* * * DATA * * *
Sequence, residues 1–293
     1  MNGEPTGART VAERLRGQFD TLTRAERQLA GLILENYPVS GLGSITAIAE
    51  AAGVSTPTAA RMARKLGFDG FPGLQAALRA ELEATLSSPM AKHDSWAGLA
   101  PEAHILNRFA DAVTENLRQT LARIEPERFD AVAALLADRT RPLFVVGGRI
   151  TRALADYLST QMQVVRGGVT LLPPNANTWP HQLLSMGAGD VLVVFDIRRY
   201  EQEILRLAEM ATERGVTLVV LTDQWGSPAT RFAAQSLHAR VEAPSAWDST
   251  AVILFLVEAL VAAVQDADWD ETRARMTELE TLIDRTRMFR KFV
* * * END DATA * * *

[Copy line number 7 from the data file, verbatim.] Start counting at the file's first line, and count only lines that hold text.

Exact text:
   251  AVILFLVEAL VAAVQDADWD ETRARMTELE TLIDRTRMFR KFV